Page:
What we liked most about 'Trials Fusion' was its no holds barred approach to simple, arcade racing. We don't always have to get things done in a perfect way. We don't want racers that push us to play in a conservative faction.
- DualShock 4
Required Disk Space:
- 4.8GB Minimum
Supported Video Output:
- DTS Digital Surround
- Dolby Pro Logic II
- Blu-ray Disc
Average Playing Time:
- 40 Hours
'Trials Fusion' on the PlayStation 4 is a racing game developed by RedLynx in association with Ubisoft. This entry is a follow up to the wildly successful 'Trials Evolution'. Developed primarily for the next generation of consoles, including the PlayStation 4, the team at RedLynx tried to push their moto racer into some new territory by changing the gameplay, making the stunts more insane, and developing the multiplayer in a more entertaining fashion. We picked up our controllers to see if this once small time series could successfully make the jump to the next generation. While we found some jarring problems, the game as a whole exceeded our initial thoughts. Strap on your helmet and ride on in to see why 'Trials Fusion' is a worth successor to the revered 'Evolution' of yesteryear.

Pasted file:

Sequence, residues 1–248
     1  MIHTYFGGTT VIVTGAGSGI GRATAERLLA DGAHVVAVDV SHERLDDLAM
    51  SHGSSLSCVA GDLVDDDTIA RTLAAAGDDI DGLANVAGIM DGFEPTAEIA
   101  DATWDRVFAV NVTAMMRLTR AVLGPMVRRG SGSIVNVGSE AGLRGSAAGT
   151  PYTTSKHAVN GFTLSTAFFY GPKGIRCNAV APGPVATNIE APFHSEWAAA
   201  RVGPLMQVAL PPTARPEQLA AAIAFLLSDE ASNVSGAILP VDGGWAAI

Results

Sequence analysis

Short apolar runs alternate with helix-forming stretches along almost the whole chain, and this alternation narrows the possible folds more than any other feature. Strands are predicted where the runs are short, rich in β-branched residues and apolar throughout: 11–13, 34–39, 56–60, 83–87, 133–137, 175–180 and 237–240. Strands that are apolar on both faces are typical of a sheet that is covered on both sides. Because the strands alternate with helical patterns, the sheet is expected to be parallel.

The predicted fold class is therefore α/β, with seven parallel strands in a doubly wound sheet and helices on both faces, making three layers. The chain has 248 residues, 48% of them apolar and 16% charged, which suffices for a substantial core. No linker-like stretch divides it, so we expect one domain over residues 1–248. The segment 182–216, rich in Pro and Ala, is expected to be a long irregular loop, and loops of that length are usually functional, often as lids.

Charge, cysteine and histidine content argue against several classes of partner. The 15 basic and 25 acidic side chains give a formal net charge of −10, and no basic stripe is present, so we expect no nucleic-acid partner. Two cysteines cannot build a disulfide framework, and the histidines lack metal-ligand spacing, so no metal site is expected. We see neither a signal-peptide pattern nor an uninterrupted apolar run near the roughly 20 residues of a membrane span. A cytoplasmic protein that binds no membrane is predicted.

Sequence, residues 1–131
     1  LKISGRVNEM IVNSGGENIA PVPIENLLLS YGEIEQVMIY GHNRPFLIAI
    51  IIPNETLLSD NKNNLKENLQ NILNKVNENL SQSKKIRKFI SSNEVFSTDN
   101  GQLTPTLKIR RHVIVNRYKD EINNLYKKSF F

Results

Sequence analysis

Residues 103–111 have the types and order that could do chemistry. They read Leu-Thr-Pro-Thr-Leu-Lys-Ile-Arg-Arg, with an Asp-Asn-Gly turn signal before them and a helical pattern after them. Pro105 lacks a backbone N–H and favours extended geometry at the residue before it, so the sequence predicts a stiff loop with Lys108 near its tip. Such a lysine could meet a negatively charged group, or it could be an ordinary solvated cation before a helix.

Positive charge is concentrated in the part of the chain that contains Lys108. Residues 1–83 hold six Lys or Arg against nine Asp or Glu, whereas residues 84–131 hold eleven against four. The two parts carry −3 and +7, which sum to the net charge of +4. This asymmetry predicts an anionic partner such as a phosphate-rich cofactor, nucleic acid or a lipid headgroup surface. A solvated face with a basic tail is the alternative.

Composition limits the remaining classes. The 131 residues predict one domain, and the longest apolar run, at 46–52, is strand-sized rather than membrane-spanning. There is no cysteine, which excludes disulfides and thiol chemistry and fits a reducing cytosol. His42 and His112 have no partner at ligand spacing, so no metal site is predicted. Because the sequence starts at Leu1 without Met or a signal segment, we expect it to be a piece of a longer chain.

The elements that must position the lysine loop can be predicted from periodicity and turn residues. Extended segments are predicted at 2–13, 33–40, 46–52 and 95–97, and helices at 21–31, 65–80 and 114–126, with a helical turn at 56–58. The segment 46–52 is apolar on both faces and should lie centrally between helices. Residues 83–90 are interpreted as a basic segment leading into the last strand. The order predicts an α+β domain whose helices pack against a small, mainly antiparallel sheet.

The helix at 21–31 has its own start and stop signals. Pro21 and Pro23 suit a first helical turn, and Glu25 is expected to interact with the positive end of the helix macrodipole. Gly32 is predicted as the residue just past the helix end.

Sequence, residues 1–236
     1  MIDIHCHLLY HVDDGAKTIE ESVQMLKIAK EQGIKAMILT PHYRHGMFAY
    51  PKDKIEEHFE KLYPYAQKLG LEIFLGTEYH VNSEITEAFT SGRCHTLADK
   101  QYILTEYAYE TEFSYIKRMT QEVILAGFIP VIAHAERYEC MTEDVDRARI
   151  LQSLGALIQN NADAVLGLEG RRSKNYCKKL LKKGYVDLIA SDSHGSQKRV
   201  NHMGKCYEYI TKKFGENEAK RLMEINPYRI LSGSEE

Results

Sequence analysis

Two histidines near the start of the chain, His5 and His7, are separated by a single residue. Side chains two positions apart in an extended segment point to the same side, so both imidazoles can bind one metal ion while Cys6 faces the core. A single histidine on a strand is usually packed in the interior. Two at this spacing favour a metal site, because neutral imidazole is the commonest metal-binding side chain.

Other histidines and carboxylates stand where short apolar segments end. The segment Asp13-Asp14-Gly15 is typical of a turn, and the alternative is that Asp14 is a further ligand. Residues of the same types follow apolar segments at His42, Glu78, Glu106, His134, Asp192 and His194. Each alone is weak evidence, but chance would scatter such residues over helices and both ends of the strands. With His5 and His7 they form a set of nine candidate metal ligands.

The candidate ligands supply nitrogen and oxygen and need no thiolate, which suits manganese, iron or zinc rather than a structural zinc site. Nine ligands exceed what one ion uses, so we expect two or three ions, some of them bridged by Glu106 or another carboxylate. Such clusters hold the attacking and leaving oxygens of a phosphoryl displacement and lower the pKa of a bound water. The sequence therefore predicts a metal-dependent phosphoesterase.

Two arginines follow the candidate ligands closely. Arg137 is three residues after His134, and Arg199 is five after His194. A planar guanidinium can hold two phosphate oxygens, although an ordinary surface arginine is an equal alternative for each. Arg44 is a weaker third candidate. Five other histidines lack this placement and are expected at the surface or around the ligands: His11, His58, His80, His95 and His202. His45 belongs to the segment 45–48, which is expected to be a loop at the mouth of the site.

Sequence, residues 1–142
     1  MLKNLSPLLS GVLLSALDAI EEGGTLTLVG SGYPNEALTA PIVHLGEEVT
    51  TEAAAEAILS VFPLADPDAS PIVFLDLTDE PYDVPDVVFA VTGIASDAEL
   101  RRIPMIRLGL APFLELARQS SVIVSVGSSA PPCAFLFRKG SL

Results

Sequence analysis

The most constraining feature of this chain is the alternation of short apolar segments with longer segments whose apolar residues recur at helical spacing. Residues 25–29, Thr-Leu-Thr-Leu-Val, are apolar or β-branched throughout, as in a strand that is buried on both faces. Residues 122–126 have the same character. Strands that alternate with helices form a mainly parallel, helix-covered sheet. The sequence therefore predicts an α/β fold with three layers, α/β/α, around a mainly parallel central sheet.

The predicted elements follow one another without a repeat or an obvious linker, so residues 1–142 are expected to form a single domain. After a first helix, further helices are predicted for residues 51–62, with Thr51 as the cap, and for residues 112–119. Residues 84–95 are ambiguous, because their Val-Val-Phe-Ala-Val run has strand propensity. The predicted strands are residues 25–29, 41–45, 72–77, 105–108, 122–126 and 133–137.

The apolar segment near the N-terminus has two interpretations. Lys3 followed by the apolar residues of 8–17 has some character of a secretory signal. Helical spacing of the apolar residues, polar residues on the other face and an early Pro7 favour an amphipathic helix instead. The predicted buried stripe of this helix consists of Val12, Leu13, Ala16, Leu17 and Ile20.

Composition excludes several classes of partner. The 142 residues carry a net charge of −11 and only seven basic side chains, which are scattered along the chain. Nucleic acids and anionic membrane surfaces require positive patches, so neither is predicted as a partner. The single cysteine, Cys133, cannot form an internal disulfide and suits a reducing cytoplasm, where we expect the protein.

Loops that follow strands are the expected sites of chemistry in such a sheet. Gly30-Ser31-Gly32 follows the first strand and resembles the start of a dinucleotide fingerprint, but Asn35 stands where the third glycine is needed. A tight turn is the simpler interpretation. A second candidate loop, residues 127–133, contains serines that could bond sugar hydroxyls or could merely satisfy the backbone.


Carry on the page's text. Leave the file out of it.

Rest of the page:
Speed, jumps, and so much action...
There will always be a place in our hearts for games that push the arcade aspect of racing onto us. We love the realistic simulators. 'Forza' is our jam, as far as four wheeled vehicle based racing goes. But sometimes we want to strap into an extreme sport and fell, well, pretty extreme. That, in a nutshell, is what the team at RedLynx tried to do with their latest game. 'Trials Fusion' is an attempt to put motobike racing into a different stratosphere of awesome. No longer content to be the 'X Games' version of racing games, 'Fusion' wants to be considered the future of arcade racers.